October 6, 2005

Retailers slog through storm-hit Sept

By Emily Kaiser

CHICAGO (Reuters) - Chain stores reported on Thursday that
September sales were resilient in the face of Hurricanes
Katrina and Rita and high gas prices, although sales came at a
cost as retailers slashed prices to maintain demand, putting
pressure on profits.

Chains that sell gasoline, including Wal-Mart Stores Inc.
and Costco Wholesale Corp., posted better-than-expected sales
growth. But several apparel retailers and department stores
missed forecasts, and some trimmed profit forecasts as heavy
markdowns eroded margins.

Overall, analysts are looking for a 3.6-percent gain in
September sales at stores open at least a year -- a key retail
measure known as same-store sales, according to research firm
Retail Metrics. That would be up from last year's 2.3 percent
increase but down from a 3.8 percent gain in August.

Wal-Mart kept its profit forecast for the current fiscal
third quarter, but said the hurricanes cut 1 cent per share
from earnings in the period.

But retailers including Talbots Inc., TJX Cos. Inc.,
AnnTaylor Stores Corp. and New York & Co. Inc. all lowered
profit forecasts, while Federated Department Stores Inc. and
Kohl's Corp. were among the chains posting disappointing sales.

Slumping consumer confidence was a key concern as retailers
gear up for the vital holiday shopping season. September kicks
off the fall shopping season and is considered a good indicator
of demand during the holidays -- the biggest sales and profit

Talbots, which cut its full-year profit forecast on weak
September sales, said its annual survey found consumers
increasingly worried about high fuel prices and the economy,
and those concerns are making them more conservative in their
shopping habits.

Analysts widely expect holiday sales growth to slow from
last year's torrid pace as hefty gasoline and home heating
bills cut into household budgets.

Britt Beemer, head of America's Research Group, which
tracks consumer trends, said Labor Day sales in September are
an accurate predictor of holiday demand nine times out of 10,
and this year's sales were disappointing.

Beemer said he surveyed 1,000 people two weeks before Labor
Day -- which was also before Hurricane Katrina -- and some 38
percent said they intended to go shopping over the holiday
weekend. He polled those same people again after Labor Day
weekend and found that only 28 percent actually shopped.

"If things don't change, I still think there is a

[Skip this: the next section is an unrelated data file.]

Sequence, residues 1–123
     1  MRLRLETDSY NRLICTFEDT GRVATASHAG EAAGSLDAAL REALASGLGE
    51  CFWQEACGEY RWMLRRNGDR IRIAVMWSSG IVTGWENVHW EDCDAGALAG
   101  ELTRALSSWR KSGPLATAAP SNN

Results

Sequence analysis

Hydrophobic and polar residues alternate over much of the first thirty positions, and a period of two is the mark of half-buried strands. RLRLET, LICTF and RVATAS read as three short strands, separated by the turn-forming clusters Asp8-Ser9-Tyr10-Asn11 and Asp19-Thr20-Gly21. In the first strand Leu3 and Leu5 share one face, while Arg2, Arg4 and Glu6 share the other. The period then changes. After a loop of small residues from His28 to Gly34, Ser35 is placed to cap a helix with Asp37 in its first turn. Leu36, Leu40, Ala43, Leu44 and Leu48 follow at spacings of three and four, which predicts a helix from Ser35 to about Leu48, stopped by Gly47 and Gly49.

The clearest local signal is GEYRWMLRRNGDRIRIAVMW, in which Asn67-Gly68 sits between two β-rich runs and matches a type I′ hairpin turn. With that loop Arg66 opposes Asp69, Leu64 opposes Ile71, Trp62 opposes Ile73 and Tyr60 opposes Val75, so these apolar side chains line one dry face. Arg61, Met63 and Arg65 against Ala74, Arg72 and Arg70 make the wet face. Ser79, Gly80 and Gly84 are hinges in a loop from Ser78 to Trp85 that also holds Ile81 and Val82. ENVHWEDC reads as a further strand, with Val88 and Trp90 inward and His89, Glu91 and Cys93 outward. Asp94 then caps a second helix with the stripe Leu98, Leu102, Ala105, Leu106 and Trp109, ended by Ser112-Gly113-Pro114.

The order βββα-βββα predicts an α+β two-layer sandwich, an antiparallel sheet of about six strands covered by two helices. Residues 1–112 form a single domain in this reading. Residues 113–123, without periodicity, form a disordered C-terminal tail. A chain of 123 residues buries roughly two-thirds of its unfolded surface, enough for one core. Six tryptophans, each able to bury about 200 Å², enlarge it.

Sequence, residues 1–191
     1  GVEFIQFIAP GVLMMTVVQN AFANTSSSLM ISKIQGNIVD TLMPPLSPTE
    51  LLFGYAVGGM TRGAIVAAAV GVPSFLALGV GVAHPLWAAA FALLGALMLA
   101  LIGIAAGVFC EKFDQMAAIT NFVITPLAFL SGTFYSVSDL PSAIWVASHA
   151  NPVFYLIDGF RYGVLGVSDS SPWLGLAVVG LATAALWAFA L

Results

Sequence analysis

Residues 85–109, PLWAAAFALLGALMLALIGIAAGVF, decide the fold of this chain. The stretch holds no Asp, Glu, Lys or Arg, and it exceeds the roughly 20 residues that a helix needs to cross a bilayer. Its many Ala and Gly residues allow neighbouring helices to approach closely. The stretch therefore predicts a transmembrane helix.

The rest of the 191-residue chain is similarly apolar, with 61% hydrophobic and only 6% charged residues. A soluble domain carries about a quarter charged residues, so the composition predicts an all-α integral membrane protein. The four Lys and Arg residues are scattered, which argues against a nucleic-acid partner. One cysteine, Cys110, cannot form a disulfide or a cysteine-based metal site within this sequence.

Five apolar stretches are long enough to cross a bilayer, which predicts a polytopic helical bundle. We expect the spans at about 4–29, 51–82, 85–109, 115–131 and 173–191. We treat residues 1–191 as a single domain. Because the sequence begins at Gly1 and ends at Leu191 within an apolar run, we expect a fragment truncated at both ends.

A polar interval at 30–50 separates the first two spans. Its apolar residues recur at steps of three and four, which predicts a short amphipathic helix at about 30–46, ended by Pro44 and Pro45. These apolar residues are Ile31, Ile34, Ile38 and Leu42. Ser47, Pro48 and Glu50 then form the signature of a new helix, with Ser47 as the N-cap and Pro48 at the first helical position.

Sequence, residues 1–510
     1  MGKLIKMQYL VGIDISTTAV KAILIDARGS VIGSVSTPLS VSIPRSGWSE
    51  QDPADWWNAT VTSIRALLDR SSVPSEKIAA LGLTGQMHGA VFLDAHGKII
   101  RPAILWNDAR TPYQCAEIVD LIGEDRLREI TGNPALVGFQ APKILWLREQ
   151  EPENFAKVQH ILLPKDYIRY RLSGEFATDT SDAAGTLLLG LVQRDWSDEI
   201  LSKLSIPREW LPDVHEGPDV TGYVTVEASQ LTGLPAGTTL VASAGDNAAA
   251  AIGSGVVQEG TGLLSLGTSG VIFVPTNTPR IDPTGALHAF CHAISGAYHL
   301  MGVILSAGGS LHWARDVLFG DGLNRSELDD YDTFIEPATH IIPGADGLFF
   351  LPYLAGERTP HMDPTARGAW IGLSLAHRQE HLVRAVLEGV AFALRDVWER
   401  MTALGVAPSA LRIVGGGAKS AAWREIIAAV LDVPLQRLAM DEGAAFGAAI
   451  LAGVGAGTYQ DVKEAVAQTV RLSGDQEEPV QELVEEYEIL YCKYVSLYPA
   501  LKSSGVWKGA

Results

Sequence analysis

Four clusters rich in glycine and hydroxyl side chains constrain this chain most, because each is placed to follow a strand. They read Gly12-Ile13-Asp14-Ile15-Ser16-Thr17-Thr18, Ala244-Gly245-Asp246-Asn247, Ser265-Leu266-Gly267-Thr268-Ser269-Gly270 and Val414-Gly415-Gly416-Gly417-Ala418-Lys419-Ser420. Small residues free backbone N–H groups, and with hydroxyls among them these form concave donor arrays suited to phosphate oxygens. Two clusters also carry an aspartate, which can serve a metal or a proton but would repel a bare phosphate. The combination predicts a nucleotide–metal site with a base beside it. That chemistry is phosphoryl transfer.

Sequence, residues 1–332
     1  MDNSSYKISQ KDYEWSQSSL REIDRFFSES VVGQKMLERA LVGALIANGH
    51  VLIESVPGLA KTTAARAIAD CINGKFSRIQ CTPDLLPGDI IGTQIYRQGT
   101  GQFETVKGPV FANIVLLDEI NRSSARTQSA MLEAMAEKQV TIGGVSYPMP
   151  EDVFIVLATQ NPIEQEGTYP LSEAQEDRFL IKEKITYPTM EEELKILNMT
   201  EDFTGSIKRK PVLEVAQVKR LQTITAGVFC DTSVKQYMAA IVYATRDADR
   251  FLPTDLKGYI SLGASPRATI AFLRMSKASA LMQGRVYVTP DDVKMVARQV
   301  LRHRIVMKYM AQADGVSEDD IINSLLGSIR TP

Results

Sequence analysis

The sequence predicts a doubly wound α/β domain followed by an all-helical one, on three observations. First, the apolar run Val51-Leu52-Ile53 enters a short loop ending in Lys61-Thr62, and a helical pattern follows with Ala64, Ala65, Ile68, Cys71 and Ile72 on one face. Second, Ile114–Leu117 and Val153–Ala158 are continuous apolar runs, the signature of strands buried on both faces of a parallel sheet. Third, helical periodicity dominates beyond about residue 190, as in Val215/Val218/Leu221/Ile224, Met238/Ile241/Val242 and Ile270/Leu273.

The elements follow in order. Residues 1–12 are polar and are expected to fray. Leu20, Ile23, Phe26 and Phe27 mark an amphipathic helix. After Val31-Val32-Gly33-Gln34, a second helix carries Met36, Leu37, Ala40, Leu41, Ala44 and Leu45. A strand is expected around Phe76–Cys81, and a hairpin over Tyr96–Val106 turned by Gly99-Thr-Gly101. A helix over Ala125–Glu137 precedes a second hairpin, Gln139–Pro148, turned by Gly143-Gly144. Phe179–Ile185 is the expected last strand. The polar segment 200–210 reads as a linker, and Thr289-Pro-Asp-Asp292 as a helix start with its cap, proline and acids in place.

possibility that we could have the first negative Christmas
sales season in two decades," Beemer said, referring to
same-store sales.


Wal-Mart, the world's biggest retailer, said September
same-store sales rose 3.8 percent, toward the high end of its

But the results were boosted by sales of gasoline at its
Sam's Club warehouse stores, and the retailer was quick to
point out that sales would have been up a more modest 3.2
percent without the lift from gasoline sales.

Costco also said steep oil prices boosted September
same-store sales, which were up 11 percent from a year earlier.
Analysts had expected only a 6.7 percent increase, according to
estimates compiled by Reuters.

Costco said U.S. same-store sales jumped 10 percent, but
the gain would have been just 8 percent if not for a steep 47
percent year-over-year jump in gasoline prices.

Target Corp. reported a better-than-expected 5.6 percent
September same-store sales increase and maintained its profit
forecast for the rest of the year.

Federated reported a 1.3 percent September same-store sales
increase, below its expectations for a 2 percent to 3 percent
increase. The retailer blamed lost sales from stores closed due
to the hurricanes, as well as reduced spending because of
higher gas prices and weakening consumer confidence.

Apparel chains were among the laggards, with several
companies noting a drop in demand during the last week in the

Talbots said its same-store sales fell 5.1 percent, well
below Wall Street forecasts for a 2.5 percent increase. New
York & Co. said its September same-store sales fell 0.4
percent, which was actually a smaller decline than Wall Street
had expected. But the retailer lowered its full-year profit
forecast, noting that margins suffered because of promotions.